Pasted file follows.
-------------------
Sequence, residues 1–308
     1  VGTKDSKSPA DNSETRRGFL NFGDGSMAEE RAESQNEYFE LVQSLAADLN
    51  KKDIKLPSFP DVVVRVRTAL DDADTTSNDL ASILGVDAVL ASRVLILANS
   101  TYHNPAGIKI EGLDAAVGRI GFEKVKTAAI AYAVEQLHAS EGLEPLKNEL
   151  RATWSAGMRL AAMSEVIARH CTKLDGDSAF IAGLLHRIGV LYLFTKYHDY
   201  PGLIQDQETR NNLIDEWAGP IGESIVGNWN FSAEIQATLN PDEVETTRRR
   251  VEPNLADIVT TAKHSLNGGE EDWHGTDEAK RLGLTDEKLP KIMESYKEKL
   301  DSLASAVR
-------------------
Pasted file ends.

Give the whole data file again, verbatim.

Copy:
Sequence, residues 1–308
     1  VGTKDSKSPA DNSETRRGFL NFGDGSMAEE RAESQNEYFE LVQSLAADLN
    51  KKDIKLPSFP DVVVRVRTAL DDADTTSNDL ASILGVDAVL ASRVLILANS
   101  TYHNPAGIKI EGLDAAVGRI GFEKVKTAAI AYAVEQLHAS EGLEPLKNEL
   151  RATWSAGMRL AAMSEVIARH CTKLDGDSAF IAGLLHRIGV LYLFTKYHDY
   201  PGLIQDQETR NNLIDEWAGP IGESIVGNWN FSAEIQATLN PDEVETTRRR
   251  VEPNLADIVT TAKHSLNGGE EDWHGTDEAK RLGLTDEKLP KIMESYKEKL
   301  DSLASAVR